The Irish Prison Service is seeking a review of meal times for prisoners as well as new arrangements for recruitment as part of proposed revised work practice reforms.
Management also wants co-operation with enhanced staff-searching procedures of everyone entering prisons. It said such changes would be subject to bilateral engagement between the parties.
The proposed reforms are set out in a new action plan, published by the Department of Public Expenditure, which is linked to the public service pay agreement reached between the Government and trade unions last December.
The reform plan for the prison service is one of about half a dozen such documents setting out proposed changes in different parts of the public service. The pay deal will see most public service personnel receive a 1 per cent rise in October and a further 1 per cent in October 2022.
However, Government departments have said that one of the conditions of the pay deal is that progress be made on agreed action plans on reforms.
The prison proposals say that details of the proposed new arrangements for meal times would be “evaluated through a joint examination of the changes through a pilot scheme at two prison locations”.
The proposed work practice reforms also state that the Irish Prison Service will “commence and develop a graduate stream of recruitment over the lifetime of the agreement and will commence direct recruitment of graduates”.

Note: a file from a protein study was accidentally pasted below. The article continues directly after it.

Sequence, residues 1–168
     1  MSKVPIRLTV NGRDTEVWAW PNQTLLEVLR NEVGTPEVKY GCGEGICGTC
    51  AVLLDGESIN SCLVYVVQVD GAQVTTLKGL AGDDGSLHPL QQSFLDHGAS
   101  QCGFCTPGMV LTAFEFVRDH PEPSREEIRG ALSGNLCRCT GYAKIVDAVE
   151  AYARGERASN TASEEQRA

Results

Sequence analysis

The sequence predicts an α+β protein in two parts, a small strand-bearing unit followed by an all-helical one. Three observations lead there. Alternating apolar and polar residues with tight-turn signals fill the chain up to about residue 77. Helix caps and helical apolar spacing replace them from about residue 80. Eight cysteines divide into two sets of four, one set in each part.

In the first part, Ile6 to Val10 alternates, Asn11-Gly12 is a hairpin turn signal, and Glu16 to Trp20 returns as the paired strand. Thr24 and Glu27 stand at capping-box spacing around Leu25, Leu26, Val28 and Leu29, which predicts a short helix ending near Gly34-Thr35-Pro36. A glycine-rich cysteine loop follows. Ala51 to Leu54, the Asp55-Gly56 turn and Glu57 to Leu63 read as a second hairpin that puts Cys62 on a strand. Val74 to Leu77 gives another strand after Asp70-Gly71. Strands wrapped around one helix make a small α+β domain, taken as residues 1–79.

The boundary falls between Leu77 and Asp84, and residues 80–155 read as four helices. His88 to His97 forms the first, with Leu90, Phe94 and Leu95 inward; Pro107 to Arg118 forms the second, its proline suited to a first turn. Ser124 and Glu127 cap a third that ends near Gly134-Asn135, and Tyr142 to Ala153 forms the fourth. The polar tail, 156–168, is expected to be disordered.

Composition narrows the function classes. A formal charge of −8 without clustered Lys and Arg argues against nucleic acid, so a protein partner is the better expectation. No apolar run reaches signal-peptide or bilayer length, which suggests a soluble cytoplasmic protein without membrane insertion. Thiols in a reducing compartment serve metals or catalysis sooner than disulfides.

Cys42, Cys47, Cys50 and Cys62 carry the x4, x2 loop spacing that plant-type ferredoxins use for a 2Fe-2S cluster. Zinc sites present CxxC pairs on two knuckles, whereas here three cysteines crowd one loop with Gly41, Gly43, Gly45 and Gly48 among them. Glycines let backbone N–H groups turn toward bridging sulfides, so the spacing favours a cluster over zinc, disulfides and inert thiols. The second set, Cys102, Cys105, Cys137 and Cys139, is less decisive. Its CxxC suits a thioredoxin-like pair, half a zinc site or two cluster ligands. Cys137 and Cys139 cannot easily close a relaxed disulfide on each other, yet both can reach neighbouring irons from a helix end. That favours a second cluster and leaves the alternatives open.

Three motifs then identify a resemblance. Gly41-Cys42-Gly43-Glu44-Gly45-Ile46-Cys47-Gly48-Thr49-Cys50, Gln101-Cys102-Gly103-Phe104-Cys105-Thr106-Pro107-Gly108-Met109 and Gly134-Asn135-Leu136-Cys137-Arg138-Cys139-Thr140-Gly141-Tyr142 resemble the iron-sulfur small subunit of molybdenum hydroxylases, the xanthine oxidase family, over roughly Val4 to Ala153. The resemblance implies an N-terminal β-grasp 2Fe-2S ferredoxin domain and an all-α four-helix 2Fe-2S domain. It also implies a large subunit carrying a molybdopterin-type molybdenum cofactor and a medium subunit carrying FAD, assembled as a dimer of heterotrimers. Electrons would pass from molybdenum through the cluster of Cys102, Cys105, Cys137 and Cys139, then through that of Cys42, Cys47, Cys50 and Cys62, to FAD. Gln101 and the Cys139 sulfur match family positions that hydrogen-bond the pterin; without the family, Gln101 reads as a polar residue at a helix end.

“Such personnel recruited will be in receipt of certain exemptions to modules of the higher certificate in custodial care and will be trained as, and equivalent to, recruit prison officers. This will result in those recruits reaching prison officer grade after year one.”
The document said this would be subject to sanction of the Department of Public Expenditure and Reform. It also said the Irish Prison Service will move to direct recruitment of certain grades represented by the Prison Officers' Association, including trades officers, and work training officers in certain work streams to be identified through a joint task review of the work training area of prisons.
“Any such direct recruits will be trained as and be equivalent to recruit prison officers,” it said.
The proposals also call for the introduction of a healthcare assistant grade to the Irish Prison Service as direct employees.
They also seek the continued use of and co-operation with “technological solutions in the delivery of services in the following areas: virtual family visits, courts video links and human resource services”.
“The parties agree to explore opportunities for technological solutions in the delivery of services, including education and chaplaincy,” the document said.